Institutional investors ‘buying in bulk’ as homebuying cools
Rising mortgage rates have sidelined many would-be homebuyers, but for institutional investors, it has become an opportunity as home builders try to unload properties.
“What we're seeing is builders have to make their quota. They have to make the end-of-the-year numbers," Kinloch Partners Cofounder and CEO and President Bruce McNeilage told Yahoo Finance Live (video above). "So they're reaching out to folks like us, the institutional owners of houses, and we're buying in bulk using those as rental homes.”
September marked the ninth consecutive month that confidence in the housing market fell among builders as persistent supply chain disruptions and high home prices continue to wedge into their sales and profits, the National Association of Home Builders/Wells Fargo Housing Market Index showed.
As a result, homebuilders are slashing prices. About 24% of builders reported reducing home prices, which is up from the 19% last month, said NAHB Chairman Jerry Konter, a homebuilder and developer from Savannah, Georgia.
The weakening market could be a factor that “people are just not walking in and the traffic has stopped in looking at models and looking at houses in suburbs and the subdivisions,” McNeilage added.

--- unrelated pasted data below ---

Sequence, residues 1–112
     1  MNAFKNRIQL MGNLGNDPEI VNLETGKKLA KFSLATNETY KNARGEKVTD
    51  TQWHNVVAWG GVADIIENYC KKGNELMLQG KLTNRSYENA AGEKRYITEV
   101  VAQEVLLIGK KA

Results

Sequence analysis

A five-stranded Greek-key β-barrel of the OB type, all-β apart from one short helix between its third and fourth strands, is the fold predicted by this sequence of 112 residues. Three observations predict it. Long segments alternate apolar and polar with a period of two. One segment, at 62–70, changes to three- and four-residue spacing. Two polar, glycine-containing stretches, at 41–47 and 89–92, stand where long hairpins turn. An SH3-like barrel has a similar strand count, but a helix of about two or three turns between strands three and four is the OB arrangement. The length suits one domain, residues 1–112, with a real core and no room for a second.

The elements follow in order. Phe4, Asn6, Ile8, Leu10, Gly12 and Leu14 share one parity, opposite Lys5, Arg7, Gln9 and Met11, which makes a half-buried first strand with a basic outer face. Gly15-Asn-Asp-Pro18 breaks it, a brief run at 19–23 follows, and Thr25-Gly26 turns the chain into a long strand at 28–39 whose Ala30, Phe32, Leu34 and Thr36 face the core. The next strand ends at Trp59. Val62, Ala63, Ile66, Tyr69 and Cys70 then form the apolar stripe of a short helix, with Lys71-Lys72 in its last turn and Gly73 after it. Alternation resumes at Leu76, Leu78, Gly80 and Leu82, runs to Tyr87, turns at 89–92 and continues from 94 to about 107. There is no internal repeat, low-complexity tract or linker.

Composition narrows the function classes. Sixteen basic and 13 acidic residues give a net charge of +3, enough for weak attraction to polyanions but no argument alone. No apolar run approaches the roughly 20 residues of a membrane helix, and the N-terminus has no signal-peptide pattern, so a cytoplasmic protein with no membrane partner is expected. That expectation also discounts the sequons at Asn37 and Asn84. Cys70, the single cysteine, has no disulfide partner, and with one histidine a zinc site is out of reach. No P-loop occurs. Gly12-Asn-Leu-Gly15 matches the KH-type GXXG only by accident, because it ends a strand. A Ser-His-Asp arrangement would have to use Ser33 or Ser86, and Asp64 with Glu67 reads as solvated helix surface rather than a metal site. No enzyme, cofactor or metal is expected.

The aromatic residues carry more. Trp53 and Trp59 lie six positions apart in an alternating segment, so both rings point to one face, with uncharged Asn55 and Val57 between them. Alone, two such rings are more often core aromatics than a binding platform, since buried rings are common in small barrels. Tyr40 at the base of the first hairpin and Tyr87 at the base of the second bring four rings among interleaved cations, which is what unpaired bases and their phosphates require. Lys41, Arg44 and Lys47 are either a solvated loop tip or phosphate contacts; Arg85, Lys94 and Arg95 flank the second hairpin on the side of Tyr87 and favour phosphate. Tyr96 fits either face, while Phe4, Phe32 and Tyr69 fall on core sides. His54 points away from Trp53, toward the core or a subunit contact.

Another problem: Climbing mortgage rates have reached nearly 7%, continuing to take a toll on affordability.
Thanks to elevated construction costs and an aggressive monetary policy, home builders are trying to offload their supply quickly. The trend has prompted builders to think about incentives to boost sales.
“I'm getting five to 10 emails or calls a day. It really has picked up,”McNeilage said. “We're so far into the year, people are trying to make their numbers. And we're looking at a 10% to 20% discount off of retail pricing that's being offered to us if we're buying in bulk.”
These sales conditions are across the country as companies build these homes for specific purposes to sell to investors, according to McNeilage. However, there's still too much supply on the market.
“Right now, there's just too much product. Too many houses have been specced that are just sitting on the ground. And these builders really need to move these houses," McNeilage said. "And folks like us in the institutional rental business are helping these builders by buying up the supply that they have right now."
Dani Romero is a reporter for Yahoo Finance. Follow her on Twitter @daniromerotv
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